San Jose Fire Prevails in Wheel Chock Lawsuit

The California Court of Appeals has upheld a lower court ruling that a woman struck by a San Jose Fire Department wheel chock cannot recover because she failed to comply with the notice requirements of the California Government Claims Act.

Denice Escobedo was injured when she was struck by a wheel chock that was “ejected” by a SJFD truck. As explained in the decision:

  • [Escobedo] alleges that on April 27, 2021 she was hiking along Penitencia Creek Trail in Penitencia Creek County Park when she was struck and injured by a wheel chock ejected by a nearby San Jose Fire Department (SJFD) truck driven by an SJFD firefighter.
  • Penitencia Creek County Park is a “linear park . . . [incorporating] parklands and open space from a number of agencies including Santa Clara County, the City of San Jose and the Santa Clara Valley Water District.”
  • As a result of the impact, [Escobedo] sustained a hand fracture, broken right arm, and contusion in her lower back, buttocks, and hip area, causing her to experience pain and requiring several months’ medical leave of absence from work.

Escobedo filed claims with Santa Clara County and the State of California within the prescribed six-month time frame, neither of whom was responsible for the incident. She also sent the San Jose city attorney’s office a letter about her claim. However, she failed to file a claim with the city until February 28, 2022.

Under the Government Claims Act, tort claims must be filed with a municipality within the 6-month time frame unless the delay was due to “mistake, inadvertence, surprise, or excusable neglect.” The normal 6-month period was extended an additional 120-days due to the pandemic. Escobedo filed a petition with the city to file a late claim, which the city rejected. She then filed suit asking the court to grant her request due to mistake or excusable neglect.

Both the trial court and the court of appeals concurred that Escobedo lacked grounds to qualify for the exceptions. Quoting from the decision:

  • [Escobedo] has not shown that she exercised reasonable diligence but nonetheless was unable to identify the City and present claims to it before February 24, 2022.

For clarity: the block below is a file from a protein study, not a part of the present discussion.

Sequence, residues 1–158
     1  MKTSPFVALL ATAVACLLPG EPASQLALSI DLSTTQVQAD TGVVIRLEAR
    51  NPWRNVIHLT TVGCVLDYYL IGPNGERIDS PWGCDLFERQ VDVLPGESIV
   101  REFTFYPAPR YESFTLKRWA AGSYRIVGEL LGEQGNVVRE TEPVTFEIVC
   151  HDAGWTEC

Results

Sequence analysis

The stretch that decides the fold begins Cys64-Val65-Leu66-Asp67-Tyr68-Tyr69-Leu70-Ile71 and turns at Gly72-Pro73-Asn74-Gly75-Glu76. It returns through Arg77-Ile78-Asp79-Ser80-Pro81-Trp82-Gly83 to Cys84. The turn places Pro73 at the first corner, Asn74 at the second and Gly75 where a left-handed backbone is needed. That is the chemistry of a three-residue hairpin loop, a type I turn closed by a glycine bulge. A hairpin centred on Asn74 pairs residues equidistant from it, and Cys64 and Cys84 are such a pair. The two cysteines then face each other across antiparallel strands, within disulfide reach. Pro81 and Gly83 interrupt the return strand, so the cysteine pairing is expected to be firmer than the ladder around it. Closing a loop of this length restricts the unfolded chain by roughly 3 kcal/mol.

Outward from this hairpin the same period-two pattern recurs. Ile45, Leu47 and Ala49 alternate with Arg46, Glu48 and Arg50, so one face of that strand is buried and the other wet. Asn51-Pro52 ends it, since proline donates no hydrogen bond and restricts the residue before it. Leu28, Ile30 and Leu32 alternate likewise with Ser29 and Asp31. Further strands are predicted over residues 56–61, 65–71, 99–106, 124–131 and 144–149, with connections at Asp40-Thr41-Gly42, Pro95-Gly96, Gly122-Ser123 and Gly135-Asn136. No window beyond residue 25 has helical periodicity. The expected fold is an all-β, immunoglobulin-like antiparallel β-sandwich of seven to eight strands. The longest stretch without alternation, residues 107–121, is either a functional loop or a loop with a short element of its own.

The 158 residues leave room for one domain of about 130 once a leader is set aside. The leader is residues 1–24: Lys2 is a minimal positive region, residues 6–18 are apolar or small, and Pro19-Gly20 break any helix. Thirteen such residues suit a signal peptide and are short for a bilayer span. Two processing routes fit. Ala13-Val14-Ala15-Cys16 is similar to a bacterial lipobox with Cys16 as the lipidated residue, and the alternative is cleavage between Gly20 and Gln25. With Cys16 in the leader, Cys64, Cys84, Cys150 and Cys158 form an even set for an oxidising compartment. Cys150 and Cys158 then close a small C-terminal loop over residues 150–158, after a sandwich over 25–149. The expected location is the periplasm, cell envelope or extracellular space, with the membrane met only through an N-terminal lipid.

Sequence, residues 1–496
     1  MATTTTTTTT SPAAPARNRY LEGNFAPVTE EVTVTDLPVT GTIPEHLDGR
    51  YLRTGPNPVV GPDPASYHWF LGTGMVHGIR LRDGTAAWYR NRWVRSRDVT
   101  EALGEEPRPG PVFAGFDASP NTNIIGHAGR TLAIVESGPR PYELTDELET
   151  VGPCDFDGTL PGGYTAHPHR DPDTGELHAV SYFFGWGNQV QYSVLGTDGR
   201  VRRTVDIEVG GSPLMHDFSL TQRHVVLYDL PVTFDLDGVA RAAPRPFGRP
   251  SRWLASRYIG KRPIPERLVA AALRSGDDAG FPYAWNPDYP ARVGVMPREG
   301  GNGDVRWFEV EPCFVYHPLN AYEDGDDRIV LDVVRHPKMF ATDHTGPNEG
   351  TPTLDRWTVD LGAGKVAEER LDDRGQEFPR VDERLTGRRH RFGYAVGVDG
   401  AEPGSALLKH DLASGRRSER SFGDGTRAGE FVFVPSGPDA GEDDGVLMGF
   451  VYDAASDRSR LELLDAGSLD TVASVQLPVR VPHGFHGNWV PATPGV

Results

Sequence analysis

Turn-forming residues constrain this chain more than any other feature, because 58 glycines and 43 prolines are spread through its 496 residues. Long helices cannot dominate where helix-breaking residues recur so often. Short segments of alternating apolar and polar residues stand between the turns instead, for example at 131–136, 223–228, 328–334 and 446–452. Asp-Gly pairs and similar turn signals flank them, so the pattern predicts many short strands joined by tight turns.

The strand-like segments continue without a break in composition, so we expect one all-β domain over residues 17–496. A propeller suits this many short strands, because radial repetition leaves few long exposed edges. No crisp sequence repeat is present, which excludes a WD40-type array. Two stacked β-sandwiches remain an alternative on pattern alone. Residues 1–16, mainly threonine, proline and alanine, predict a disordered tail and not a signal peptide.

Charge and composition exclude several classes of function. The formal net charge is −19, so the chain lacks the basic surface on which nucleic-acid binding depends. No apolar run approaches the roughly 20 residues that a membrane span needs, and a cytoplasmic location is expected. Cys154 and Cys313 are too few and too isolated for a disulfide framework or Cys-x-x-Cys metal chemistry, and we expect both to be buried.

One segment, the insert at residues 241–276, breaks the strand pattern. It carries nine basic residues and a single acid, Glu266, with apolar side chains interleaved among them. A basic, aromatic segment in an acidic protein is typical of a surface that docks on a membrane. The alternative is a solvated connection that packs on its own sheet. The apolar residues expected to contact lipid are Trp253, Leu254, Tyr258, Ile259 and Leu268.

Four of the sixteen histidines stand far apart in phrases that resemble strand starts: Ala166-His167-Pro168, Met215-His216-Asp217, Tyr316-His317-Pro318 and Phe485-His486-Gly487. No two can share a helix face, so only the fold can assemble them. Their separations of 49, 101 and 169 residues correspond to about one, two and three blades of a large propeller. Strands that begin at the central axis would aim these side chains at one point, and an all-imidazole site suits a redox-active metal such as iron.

• The record contains no evidence of the efforts that [Escobedo] or her counsel undertook to identify the responsible public entity.
  • Instead, appellant simply asserts that her counsel “erroneously assumed” that the County operated the fire truck, employed the firefighters, and was responsible for the park where appellant’s injuries occurred.
  • That is insufficient.
  • Even more important, the evidence showed that [Escobedo] either was or should have been aware that the City owned the fire truck that injured her long before the February 24, 2022 deadline for presenting her claim to the City.
  • As the trial court noted, by October 27, 2021 appellant had a copy of the SJPD report that the identified the City as the owner of the fire truck, described the location of the incident as a “rural City park,” and used the acronym “SJFD,” for San Jose Fire Department, multiple times.
  • In addition, the County rejected [Escobedo]’s claim as not falling within its jurisdiction on December 6, 2021.
  • As a consequence, [Escobedo] should have known that her claim was against the City by December 6, 2021, and in fact she sent a demand letter to the City Attorney eight days later.
  • Thus, her failure to present her claim to a proper recipient for the City until February 28, 2022, four days after the deadline, cannot be attributed to any confusion over the identity of the proper defendant and, absent a showing of reasonable diligence in the investigation and pursuit of her claim, cannot be excused.

Here is a copy of the decision:

About Curt Varone

Curt Varone has over 45 years of fire service experience and 35 as a practicing attorney licensed in both Rhode Island and Maine. His background includes 29 years as a career firefighter in Providence (retiring as a Deputy Assistant Chief), as well as volunteer and paid on call experience. He is the author of two books: Legal Considerations for Fire and Emergency Services, (2006, 2nd ed. 2011, 3rd ed. 2014, 4th ed. 2022) and Fire Officer's Legal Handbook (2007), and is a contributing editor for Firehouse Magazine writing the Fire Law column.
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